You learn important skills in essay writing that you can apply to other forms of writing, but are essays always the best way to communicate ideas to others?
When Oliver Wendell Holmes Sr. wanted to save a piece of American history in 1830, what did he do?
Did he write his senator? Take out an ad in the local papers? Write a letter to the editor? Make protest signs?
Although all of those things are legitimate ways of communicating with people, he did none of them yet still succeeded in saving the USS Constitution, an old warship that had fought in the important War of 1812.
How did he do it?
He wrote a poem! Yes, his poem was instrumental in saving this important ship that you can see in Boston Harbor today! The name of his poem is “Old Ironsides.” You can read about it here.
Emily Dickinson had plenty to say, too, and she used poetry as well. She often wrote little poems and gave them away to friends and neighbors. Over 1,800 of her poems were found after her death.
Martin Luther King Jr. got his message out in powerful speeches.
When people in the 1960s and ’70s wanted to protest U. S. involvement in the Vietnam War, one of their most powerful “secret weapons” was writing songs. It’s true. Their messages about war and peace were powerful to move hearts and change minds.
Politicians get their messages out in speeches, slogans, billboards, debates, news releases, commercials, and editorials.
Every writer has to think intelligently about this: What is the best way to communicate this idea? How will you get your message out?
Now it’s your turn: Think about your idea, dream, or message. What do you want people to know about? What is important enough to you that you want to tell someone else about it? It can be huge or tiny, public or personal.
Once you have that idea, dream, or message figured out, think about HOW you want to express it: song, poem, letter to the editor, letter to a friend, email to a member of Congress, billboard, speech, ad or commercial, protest signs, 140-character tweet, novel, short story, script for a YouTube video, journal entries, and so forth.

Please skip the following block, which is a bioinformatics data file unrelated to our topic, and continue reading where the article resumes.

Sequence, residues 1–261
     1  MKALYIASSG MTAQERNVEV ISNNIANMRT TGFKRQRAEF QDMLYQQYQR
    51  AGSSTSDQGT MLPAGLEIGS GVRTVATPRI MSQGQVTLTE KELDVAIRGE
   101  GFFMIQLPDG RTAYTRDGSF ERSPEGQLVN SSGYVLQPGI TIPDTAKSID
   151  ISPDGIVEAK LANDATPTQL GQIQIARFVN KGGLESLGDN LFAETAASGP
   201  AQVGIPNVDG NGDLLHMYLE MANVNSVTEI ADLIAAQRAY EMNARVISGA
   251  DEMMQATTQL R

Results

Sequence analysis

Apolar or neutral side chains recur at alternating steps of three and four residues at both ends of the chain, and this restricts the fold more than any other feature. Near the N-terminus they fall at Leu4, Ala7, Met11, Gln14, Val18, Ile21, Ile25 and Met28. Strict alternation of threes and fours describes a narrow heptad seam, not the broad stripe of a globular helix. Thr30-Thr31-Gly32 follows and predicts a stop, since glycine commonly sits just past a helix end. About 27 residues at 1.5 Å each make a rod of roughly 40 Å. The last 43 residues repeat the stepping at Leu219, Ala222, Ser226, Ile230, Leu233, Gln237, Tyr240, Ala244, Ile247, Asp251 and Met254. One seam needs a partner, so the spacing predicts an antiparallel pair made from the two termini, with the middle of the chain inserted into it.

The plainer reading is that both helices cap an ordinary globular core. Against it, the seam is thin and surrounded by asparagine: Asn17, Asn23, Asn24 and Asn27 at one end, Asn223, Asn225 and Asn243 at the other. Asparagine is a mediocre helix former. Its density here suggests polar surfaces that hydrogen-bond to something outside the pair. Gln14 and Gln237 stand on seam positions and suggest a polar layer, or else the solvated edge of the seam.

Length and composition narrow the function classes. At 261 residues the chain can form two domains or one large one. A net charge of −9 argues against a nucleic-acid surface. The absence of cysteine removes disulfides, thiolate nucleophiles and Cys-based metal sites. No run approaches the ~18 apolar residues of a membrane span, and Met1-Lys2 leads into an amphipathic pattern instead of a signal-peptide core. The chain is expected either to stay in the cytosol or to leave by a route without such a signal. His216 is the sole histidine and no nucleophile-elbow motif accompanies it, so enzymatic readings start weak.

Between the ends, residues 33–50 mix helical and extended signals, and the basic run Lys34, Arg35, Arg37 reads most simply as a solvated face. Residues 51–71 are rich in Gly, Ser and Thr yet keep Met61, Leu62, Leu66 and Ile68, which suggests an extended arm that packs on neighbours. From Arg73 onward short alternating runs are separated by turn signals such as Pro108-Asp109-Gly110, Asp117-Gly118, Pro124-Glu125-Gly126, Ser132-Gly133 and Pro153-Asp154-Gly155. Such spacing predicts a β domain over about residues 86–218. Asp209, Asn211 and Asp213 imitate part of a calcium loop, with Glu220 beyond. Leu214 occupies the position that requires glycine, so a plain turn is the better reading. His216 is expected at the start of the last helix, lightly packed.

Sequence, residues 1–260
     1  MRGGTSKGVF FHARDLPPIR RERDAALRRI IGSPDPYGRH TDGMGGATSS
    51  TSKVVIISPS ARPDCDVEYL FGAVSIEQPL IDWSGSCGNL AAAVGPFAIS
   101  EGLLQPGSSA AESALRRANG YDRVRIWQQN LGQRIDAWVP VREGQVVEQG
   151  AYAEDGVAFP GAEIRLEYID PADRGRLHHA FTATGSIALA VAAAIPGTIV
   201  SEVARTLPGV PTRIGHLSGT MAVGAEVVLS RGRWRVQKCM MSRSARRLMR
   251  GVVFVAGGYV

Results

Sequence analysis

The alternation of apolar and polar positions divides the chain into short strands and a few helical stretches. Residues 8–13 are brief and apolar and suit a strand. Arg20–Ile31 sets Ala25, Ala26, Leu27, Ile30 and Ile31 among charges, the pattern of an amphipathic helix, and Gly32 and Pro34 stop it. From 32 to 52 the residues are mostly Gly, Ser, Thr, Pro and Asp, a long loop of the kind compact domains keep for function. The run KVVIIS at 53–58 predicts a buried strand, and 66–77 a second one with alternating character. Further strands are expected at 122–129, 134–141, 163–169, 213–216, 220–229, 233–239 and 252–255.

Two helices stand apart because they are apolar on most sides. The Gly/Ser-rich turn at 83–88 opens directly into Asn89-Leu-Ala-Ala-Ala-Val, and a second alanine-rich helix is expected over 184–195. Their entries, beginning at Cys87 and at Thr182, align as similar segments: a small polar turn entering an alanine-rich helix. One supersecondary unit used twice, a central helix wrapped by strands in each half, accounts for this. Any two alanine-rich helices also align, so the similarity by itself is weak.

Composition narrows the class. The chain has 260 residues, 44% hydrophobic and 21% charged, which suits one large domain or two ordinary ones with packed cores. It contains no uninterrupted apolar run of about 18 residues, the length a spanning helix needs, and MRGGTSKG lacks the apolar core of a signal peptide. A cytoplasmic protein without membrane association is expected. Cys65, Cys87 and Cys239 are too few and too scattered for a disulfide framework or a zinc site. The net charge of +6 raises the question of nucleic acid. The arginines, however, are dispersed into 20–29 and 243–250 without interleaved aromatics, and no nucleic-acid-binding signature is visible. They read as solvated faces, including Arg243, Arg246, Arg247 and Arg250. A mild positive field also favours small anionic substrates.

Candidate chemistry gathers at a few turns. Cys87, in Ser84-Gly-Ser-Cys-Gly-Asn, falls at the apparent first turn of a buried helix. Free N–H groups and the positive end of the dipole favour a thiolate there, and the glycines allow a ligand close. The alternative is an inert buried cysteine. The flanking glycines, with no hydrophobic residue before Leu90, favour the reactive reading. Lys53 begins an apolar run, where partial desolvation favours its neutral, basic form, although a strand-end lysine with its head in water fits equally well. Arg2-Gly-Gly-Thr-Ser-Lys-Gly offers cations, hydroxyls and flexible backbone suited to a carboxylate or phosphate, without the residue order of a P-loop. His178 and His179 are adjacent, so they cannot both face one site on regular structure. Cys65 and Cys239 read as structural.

Write down everything that you have so far: your message and your method. If you have the time and inclination, write your message using your chosen method.
Teachers, here’s this week’s middle school prompt.
Be sure grab your FREE download of the first two chapters of Illuminating Literature: When Worlds Collide! Empower your teens for the rest of their reading lives!
Copyright © 2015 by Sharon Watson
Original image courtesy of graphicstock.com
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Worried that writing will fall off your kids’ radar this summer? Use these fun writing activities your kids will enjoy!
Help your struggling writers—and you!—by identifying five hurdles to writing. Then learn practical actions you can take against those hurdles.
This article by me in The Old Schoolhouse magazine is also loaded with links to other helpful posts that will give you and your writers some welcome relief.
Click here to drain some of the tension from your writing class
Frustrated that your students don’t finish an essay or don’t know the steps to complete one? Worry no more! Click here for my latest article in The Informer about a super-practical writing schedule you WILL use!
Want daily writing prompts to tempt reluctant writers and delight eager ones? Find out more about Sharon’s daily writing prompts posted on SchoolhouseTeachers.com under “Dailies” or click here.
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